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Time to Give Your 401(k) a Checkup

Penelope Wang

Consumer Reports has no financial relationship with advertisers on this site.

Consumer Reports has no financial relationship with advertisers on this site.

These days more people save in their 401(k) retirement plans by relying on cruise control. You’re automatically enrolled when you join the company, your money is deposited regularly in an investment portfolio, typically a target-date retirement fund, and you leave well enough alone.

A hands-off approach may be fine when you're just starting out. But to stay on track toward a comfortable retirement, it's essential to make periodic adjustments along the way. After all, the bull market has entered its ninth year, which raises concerns about an eventual correction.

“If you haven’t reviewed your 401(k) plan lately, it may no longer reflect the level of risk you want to take or your current financial situation,” says Andrew Sloan, a financial planner in Louisville, Ky.

Yet most people rarely tweak their accounts. Only 8 percent of 401(k) participants made any trade in their plans in 2017, according to a recent Vanguard study, which is the same percentage that did so the previous year.

Key Course Corrections

By giving your plan a checkup now, you may be able to trim this year’s tax bill, as well as improve your odds of reaching your retirement goals over the long term. Here are five simple steps to take:

1. Look at the big picture. Probably a lot has changed since you began saving in a 401(k). Maybe you got married and received a few raises. Or you may have switched jobs, and you and your spouse now have savings in IRAs or 401(k)s held by former employers.

If that's the case, you'll want to review all your household accounts. “It won’t help to look at your 401(k) in isolation,” says Christine Benz, director of personal finance at Morningstar.com. “Sit down with your spouse and make sure your financial plans and investing strategy are in sync." You can use your 401(k) plan's online calculators to help pull the numbers together. If you have old 401(k)s in former employer plans, consider consolidating them.

2. Rev up your contributions. The typical 401(k) saver puts away about 6 percent of pay, according to Vanguard. But as a study by Boston College’s Center for Retirement Research found, the typical household needs to save about 15 percent of pay to provide enough income to live comfortably in retirement.

So boost your contributions as much as you can. At the very least, put away enough to get the full matching contribution from your employer, which is typically 50 percent of the first 6 percent of pay. Then gradually raise your deferral rate by one or two percentage points each year or whenever you receive a raise.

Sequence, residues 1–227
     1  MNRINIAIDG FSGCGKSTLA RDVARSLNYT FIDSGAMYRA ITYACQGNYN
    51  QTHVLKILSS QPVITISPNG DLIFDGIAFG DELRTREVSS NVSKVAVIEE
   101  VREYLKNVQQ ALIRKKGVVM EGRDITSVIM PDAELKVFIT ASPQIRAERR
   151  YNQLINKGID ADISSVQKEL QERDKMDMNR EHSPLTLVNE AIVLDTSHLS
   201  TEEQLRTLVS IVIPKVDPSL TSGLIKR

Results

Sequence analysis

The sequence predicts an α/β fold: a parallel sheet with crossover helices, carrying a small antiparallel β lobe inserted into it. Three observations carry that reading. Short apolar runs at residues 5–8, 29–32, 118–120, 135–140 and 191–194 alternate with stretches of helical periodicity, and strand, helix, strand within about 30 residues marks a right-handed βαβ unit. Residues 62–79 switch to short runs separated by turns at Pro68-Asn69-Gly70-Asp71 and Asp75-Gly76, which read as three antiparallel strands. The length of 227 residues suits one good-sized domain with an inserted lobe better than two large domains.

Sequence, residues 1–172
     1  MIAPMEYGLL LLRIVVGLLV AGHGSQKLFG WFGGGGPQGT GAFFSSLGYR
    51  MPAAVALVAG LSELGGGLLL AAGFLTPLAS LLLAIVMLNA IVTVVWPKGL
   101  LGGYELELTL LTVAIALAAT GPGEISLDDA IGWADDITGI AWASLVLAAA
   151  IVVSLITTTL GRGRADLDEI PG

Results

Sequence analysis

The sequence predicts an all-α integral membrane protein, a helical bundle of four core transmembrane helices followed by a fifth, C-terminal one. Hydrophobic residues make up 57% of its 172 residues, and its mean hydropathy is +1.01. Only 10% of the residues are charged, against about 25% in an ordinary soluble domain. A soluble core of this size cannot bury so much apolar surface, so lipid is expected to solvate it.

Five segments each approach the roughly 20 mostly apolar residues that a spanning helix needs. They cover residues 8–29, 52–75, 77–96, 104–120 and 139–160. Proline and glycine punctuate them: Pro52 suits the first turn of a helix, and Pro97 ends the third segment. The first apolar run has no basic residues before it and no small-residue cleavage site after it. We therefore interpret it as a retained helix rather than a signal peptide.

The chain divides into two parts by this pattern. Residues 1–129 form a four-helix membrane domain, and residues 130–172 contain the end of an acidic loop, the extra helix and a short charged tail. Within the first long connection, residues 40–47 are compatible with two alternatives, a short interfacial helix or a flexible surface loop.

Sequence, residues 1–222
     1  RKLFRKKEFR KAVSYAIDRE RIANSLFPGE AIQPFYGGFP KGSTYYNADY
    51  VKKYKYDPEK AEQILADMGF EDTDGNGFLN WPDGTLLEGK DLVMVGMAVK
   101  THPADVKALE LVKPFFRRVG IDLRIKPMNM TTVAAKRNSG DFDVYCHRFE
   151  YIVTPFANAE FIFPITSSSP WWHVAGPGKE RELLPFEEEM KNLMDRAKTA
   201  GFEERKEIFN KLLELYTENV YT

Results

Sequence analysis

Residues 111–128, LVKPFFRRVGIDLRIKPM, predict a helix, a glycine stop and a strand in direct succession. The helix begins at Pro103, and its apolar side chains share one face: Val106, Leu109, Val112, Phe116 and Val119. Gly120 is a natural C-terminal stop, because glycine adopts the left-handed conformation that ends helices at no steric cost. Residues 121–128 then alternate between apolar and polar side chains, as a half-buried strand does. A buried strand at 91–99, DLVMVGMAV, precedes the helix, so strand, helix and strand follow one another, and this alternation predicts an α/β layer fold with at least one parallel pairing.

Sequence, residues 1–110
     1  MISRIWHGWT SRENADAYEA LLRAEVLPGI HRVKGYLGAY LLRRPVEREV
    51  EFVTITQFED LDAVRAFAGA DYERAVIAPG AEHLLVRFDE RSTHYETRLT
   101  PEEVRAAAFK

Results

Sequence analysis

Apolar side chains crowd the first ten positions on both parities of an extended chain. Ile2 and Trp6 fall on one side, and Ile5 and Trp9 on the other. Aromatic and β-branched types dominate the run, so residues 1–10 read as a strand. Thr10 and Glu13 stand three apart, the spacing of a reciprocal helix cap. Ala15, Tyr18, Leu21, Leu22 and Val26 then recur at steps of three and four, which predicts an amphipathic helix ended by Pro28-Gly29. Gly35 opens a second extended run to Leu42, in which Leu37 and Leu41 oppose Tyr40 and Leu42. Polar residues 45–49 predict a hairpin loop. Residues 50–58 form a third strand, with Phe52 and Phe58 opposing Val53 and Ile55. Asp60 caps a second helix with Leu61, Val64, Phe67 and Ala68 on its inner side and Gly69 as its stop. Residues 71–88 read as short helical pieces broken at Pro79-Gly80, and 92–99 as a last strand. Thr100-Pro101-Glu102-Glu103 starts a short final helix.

"Your goal should be to eventually max out your contributions," says Maria Bruno, senior retirement strategist at Vanguard. In 2018, the maximum contribution limit for most workers is $18,500, but those 50 and older can put away an additional $6,000 in catch-up contributions.

It may cost a bit less than you think to save more. If you earn $60,000 and kick in 10 percent of salary, your weekly paycheck will be reduced by $115. But if you’re contributing pretax, you also cut your federal taxes by $25 each week, assuming a 22 percent tax bracket. So the true cost of your contribution is just $90, once you factor in that tax break. (To see the tax impact of raising your contribution, try Vanguard’s retirement savings calculator.)

3. Adjust your asset mix.  Given the long stock market rally, your portfolio may be overloaded in equities if you haven't been rebalancing, says Bruno. Someone who started out with a 60-40 stock-and-bond mix may have 70 percent or more in stocks by now.

Holding that much in equities raises the risk that you’ll experience much more severe losses than you can handle when the next bear market arrives. And for anyone nearing retirement, that kind of setback could derail your plans.

It's easy to adjust your allocation. Just shift enough money from your stock bonds to your bond funds to restore your original asset mix. Your 401(k) plan may even offer an online rebalancing tool that will do this for you. Or you could switch to a target-date fund, which will give you all-in-one diversification and do your rebalancing automatically.  

4. Lower your fees. Many 401(k) plans now offer more low-fee investing options than before, including index funds and institutionally priced (read: cheap) investment funds. But if you’ve been investing for more than few years, you may hold a portfolio that includes actively managed funds, which often levy higher fees. Lowering your expenses is the simplest way to increase your returns, says Benz.

So look for the most reasonably priced 401(k) funds in your plan. In large company 401(k)s, funds typically charge less than 0.5 percent. But you can probably do better—fees for broad-based index funds are generally 0.20 percent or less.

5. Take advantage of new 401(k) services. The overall financial well-being of workers, including their ability to manage budget and manage debt, has become a priority for more employers. Nearly 60 percent of companies currently have at least one financial wellness tool in place, and another 23 percent are likely to add one, according to a recent survey by benefit consultants Alight Solutions.

This assistance often includes tools and services in areas such as investing basics, healthcare education, and financial planning. "Employers are increasingly focused on offering financial help with issues beyond retirement," says Rob Austin, director of research at Alight Solutions.

To find out what tools and guidance your employer offers, ask your benefits department or go to your 401(k) plan’s website. "It makes sense to take full advantage of all the help you can get," says Benz.



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